“The great thing about being the new kid in the NASL is it gives Rayo a chance to showcase our city,” said co-owner Sean Jones in an interview. “We’ll be able to show the rest of the teams in the NASL how great a place Oklahoma City is.”
While Rayo OKC will be seeking its first franchise victory in a preseason match Saturday against Saint Louis FC, the match is private and not open to the public, according to a Rayo OKC official who answered the organization’s phone Thursday.
Jones admits that his team is at a bit of a disadvantage when it comes to getting started, but he believes it isn’t anything they can’t overcome.
In a press release, NASL Commissioner Bill Peterson said he is excited for the new OKC franchise.
“The club’s unique partnership with Rayo Vallecano de Madrid highlights the global nature of the game,” Peterson said during a public announcement of the club’s arrival in November.
Saturday vs. Saint Louis FC
March 18 at Jacksonville
April 2 vs. Edmonton
Check Rayo OKC for more info.
One of the benefits of the partnership between La Liga‘s Rayo Vallecano de Madrid and NASL is that Rayo OKC is associated with a team in one of the top leagues in the world. The association can open doors for the club that might otherwise be closed.
While Energy FC has a two-year head start, co-owner Sean Jones said in an interview that as long as his team draws the crowds they expect, then they’ll be in great shape. One way they plan on doing that is by reaching out to a certain segment of the population: the Latino community.
Rayo OKC is banking on the Latino community’s love of soccer and a recognizable name from La Liga to build loyalty. Combine that loyalty with the interest in the sport from outside the community, and Rayo will be fine.
Plus, the mix of players who have experience in Central and South America might be the edge that Jones and Rayo OKC need to capture this growing demographic here in the metro.
As with anything that challenges that status quo, there are detractors. Many of NASL’s opponents say the league is unstable, pointing to the recent folding the San Antonio Scorpions and the Atlanta Silverbacks.
Jones points out that all leagues have periods of contractions. Historically, the MLB, NBA, NFL and the NHL all have gone through periods of expansion and contraction to get where the leagues are today. America’s current major leagues merged with rivals to form the leagues that they are today.
Noting that while San Antonio and Atlanta are no longer in the league, the NASL has added two additional teams beyond OKC for the 2016 season: Miami FC and Puerto Rico FC.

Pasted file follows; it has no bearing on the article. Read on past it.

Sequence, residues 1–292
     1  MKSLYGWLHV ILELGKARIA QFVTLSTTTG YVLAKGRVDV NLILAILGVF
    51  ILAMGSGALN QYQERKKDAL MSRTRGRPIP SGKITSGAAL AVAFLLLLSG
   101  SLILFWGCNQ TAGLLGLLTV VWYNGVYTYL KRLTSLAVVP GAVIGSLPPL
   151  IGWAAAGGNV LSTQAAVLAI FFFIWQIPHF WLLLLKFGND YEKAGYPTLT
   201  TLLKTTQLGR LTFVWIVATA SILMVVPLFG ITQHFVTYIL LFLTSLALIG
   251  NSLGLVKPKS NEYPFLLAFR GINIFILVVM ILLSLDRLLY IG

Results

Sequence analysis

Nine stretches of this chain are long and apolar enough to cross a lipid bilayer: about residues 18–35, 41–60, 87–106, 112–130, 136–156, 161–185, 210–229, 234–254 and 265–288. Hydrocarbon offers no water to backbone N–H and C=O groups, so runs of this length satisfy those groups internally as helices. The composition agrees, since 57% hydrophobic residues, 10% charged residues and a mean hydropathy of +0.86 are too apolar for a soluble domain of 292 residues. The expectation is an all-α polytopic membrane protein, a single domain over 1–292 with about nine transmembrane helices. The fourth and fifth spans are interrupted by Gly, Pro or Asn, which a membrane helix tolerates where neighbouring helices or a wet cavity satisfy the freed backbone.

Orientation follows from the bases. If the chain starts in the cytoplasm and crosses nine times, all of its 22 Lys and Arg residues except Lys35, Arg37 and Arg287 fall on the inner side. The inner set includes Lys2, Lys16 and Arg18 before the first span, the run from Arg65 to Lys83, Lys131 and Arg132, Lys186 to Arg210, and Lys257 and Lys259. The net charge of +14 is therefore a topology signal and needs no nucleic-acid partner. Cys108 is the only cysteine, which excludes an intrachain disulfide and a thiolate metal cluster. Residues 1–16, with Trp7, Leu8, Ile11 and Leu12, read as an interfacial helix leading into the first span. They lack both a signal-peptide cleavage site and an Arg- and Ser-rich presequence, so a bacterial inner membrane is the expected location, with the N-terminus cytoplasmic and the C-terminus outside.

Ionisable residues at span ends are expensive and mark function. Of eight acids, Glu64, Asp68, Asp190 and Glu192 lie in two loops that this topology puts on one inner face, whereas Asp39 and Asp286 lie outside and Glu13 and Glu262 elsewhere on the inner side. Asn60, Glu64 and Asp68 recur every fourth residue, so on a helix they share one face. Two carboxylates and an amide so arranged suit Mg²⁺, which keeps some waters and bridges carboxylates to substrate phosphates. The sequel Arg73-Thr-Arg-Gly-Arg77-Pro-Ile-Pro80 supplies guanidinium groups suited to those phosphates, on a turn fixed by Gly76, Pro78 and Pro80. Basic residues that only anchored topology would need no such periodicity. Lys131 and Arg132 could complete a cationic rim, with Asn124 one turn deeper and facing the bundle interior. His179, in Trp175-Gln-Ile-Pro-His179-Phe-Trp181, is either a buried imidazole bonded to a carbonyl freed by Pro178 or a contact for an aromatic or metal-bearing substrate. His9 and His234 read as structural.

Still, NASL detractors also point out travel costs as being another downside, since Rayo’s closest competitors are now in Minnesota and Indianapolis. As was pointed out Jan. 16 on the SB Nation blog TheGoatParade.com, the rumors of westward expansion for the NASL persist — and they don’t stop with Oklahoma City.
According to the Goat Parade story, the league is looking to put a team in either Las Vegas, Orange County, San Diego or San Francisco markets, although that has yet to be confirmed by the league.
Rayo OKC has hired former San Antonio Scorpions coach Alen Marcina as the head coach for their inaugural season. Marcina started as the assistant coach at San Antonio, was quickly promoted to head coach, and took the team to the NASL’s Soccer Bowl in 2014. He parted ways with the Scorpions in November. In December, it was made public the Scorpions would cease operations.
The moment Marcina signed on as Rayo’s head coach, he started working to field a team that was just the right mixture of veteran experience and youth. His roster includes players that have experience playing on the soccer world’s biggest stages — from the NASL and La Liga II up to the World Cup and every league in between. He built that roster in very short order.
Rayo OKC actually represents the second attempt to bring an NASL team into Oklahoma City. The initial attempt was back in 2013. That team was Oklahoma City FC, which was playing in the United Soccer League’s Premier Development League. After Tim McLaughlin’s OKC Pro Soccer LLC and Sold Out Strategies — managed by Brad Lund, Sean Jones and DeBray Ayala — failed to get the team into the then-branded USL Professional Division, the group turned to the NASL in hopes the team would continue play into the 2014 season.
That first attempt hit some unexpected turbulence when McLaughlin pulled out in early 2014 and joined up with Prodigal LLC — owners of OKC Energy FC, a United Soccer League team. But Jones never gave up trying to get this franchise off the ground.
His chance came when he was introduced to the man who would become his partner: Raúl Martín Presa, the owner of Rayo Vallecano in Spain’s La Liga.
Presa and Jones met through a mutual contact. They soon realized they not only had a common love for the sport but a common interest, and the rest, as they say, is history.
According to its website, Rayo OKC started training camp on Feb. 16 in Yukon.